Travel Pendleton shifts focus to ‘tripsters’

A still image from the Travel Pendleton marketing campaign video shows four young travelers visiting Pendleton.

Photo contributed by Duke Joseph

A still image from the Travel Pendleton marketing campaign video shows four young travelers visiting Pendleton.

Travel Pendleton is refining its marketing messages from hipsters to tripsters.

The committee of the Pendleton Chamber of Commerce launched a marketing campaign last year using $10,000 in Umatilla County economic funds to advertise to millennials in certain Seattle neighborhoods. At the time, Pat Beard, head of Travel Pendleton, dubbed it “the hipster project.”

Now the campaign is shifting from Seattle to Portland, Beard said, and aiming for “tripsters.” He said those are the sort of folks who are keen for an authentic experience they cannot have right in their own back yard. Eastern Oregon offers craft beer, scenic road trips and a real sense of Americana, he said — “things that would appeal to millennials.”

Beard, during a recent update to the Umatilla County Board of Commissioners, said millennials — born between 1977 and 2000 — remain the target audience because they make up 25 percent of the country’s population and account for 21 percent of discretionary spending. And 80 percent of them took four or more “get-away trips” last year.

Social media — namely Facebook and Instagram — remains the main tool Travel Pendleton uses to bring attention to the Round-Up City. The marketing effort at the end of 2015 reached 33,000 people with a post or video on Facebook, Beard told the board, and more than 5,000 people “took an action,” such as sharing a video or commenting. Those people, he said, are the most likely to visit Pendleton.

Beard on Friday said larger numbers of visitors are showing up in Pendleton from the Portland area. That makes sense, given Interstate 84 is a direct route between the two cities and Pendleton already has some name recognition. An increase in visitors helped account for about a 20 percent increase in Pendleton’s tourism promotion assessment charge, he said, the per-night fee for staying in hotel rooms and using mobile home or trailer park spaces that funds Travel Pendleton and capital improvements for the city’s convention center.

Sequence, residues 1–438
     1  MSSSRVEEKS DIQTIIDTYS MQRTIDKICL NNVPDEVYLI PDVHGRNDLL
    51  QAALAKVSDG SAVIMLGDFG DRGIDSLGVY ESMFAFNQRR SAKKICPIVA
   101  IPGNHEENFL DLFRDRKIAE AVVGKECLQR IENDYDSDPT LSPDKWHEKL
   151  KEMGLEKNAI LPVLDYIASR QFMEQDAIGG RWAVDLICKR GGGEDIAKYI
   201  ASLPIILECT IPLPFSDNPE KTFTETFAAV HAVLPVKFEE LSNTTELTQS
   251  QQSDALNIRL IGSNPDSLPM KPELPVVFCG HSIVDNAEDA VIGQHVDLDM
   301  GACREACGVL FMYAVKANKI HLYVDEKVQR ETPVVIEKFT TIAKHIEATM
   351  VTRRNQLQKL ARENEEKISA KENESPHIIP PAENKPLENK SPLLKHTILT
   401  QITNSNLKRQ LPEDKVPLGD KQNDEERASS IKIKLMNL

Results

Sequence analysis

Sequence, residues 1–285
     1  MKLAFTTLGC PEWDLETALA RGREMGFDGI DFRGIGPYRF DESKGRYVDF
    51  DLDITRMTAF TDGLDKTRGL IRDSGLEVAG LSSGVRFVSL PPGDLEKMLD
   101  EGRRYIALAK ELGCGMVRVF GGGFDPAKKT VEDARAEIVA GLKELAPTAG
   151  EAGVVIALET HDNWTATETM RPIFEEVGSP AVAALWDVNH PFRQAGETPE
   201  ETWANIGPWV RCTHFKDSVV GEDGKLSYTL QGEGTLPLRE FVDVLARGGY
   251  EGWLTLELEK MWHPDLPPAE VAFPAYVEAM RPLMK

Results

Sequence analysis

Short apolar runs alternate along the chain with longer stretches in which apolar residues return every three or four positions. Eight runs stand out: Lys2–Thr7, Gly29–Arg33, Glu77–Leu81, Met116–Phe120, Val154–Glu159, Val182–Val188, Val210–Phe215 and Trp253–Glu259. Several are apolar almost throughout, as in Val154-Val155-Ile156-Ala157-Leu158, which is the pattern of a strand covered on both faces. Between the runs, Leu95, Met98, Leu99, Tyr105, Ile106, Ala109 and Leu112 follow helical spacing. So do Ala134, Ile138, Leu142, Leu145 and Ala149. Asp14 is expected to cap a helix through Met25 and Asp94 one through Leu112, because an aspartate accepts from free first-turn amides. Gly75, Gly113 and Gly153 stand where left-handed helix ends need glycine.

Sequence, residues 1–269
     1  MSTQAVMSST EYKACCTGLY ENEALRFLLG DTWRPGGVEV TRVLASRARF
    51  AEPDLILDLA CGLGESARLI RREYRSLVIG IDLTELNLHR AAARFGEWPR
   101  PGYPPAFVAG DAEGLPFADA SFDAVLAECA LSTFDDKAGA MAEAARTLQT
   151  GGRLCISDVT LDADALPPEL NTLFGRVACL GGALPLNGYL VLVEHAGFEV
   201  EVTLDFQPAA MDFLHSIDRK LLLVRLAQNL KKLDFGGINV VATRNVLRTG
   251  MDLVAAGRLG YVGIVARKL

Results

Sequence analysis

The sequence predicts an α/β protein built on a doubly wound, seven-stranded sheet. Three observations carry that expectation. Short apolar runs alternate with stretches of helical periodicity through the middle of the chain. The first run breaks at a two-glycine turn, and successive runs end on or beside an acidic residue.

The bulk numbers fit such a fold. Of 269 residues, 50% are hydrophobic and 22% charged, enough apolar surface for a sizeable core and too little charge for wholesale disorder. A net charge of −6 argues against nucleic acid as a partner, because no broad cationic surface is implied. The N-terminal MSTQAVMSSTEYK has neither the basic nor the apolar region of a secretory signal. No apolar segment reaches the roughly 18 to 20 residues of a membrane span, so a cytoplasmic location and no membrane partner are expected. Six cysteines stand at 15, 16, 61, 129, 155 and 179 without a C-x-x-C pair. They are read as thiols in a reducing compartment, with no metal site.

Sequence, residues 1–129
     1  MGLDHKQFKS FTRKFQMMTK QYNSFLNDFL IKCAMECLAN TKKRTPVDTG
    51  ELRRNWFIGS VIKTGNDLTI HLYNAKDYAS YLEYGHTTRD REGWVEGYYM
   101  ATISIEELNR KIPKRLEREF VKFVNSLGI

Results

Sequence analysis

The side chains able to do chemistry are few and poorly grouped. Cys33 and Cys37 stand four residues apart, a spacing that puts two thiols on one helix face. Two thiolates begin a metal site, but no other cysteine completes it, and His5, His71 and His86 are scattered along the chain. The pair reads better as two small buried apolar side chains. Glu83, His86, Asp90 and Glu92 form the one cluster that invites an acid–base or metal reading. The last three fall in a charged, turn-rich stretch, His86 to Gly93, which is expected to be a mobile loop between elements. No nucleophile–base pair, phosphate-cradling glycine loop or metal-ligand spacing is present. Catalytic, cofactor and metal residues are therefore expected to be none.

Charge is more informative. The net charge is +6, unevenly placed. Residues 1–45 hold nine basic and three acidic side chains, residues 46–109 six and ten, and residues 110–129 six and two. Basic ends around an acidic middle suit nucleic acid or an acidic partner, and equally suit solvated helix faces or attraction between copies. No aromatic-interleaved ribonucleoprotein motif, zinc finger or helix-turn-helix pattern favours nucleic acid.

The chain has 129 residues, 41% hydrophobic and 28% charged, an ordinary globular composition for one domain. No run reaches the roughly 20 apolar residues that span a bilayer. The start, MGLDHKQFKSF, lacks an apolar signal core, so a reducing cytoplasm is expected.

Last year’s campaign used videos featuring a trio of young travelers sampling Pendleton. Beard said the story of those travelers continues in photos and videos 15-60 seconds long available on Travel Pendleton’s Facebook page. He said those snippets in 2015 piqued the interest of more than 19,000 people who reacted to them in some way on Facebook.

SeaPort Airlines and a couple of local hotels also are trying to get in on the get-away trips, Beard said. The lone air service provider to the Eastern Oregon Regional Airport, Pendleton, is working to come up with a package for a three-day weekend. He said that could be available within two weeks, and SeaPort would advertise it.

Umatilla County had 800,000 overnight visitors in 2013, according to Travel Oregon, the state’s tourism promotion department, and overnight and day visitors spent $134 million. It takes $62,086 in visitor spending to support one job, according to the report. Beard said local shopping and restaurants survive because of those tourism dollars.

That money could grow this year. The Pendleton Cattle Baron’s Weekend in the second weekend of May has become an established annual event. Pendleton Bike Week is returning for a second year. Beard told commissioners the motorcycle-themed event last summer brought 5,800 visitors to Pendleton and already 12,000 people registered for this year. And tickets now are on sale for the new Pendleton Whisky Music Fest in July.

Pendleton, Beard said, is ripe for events like these.

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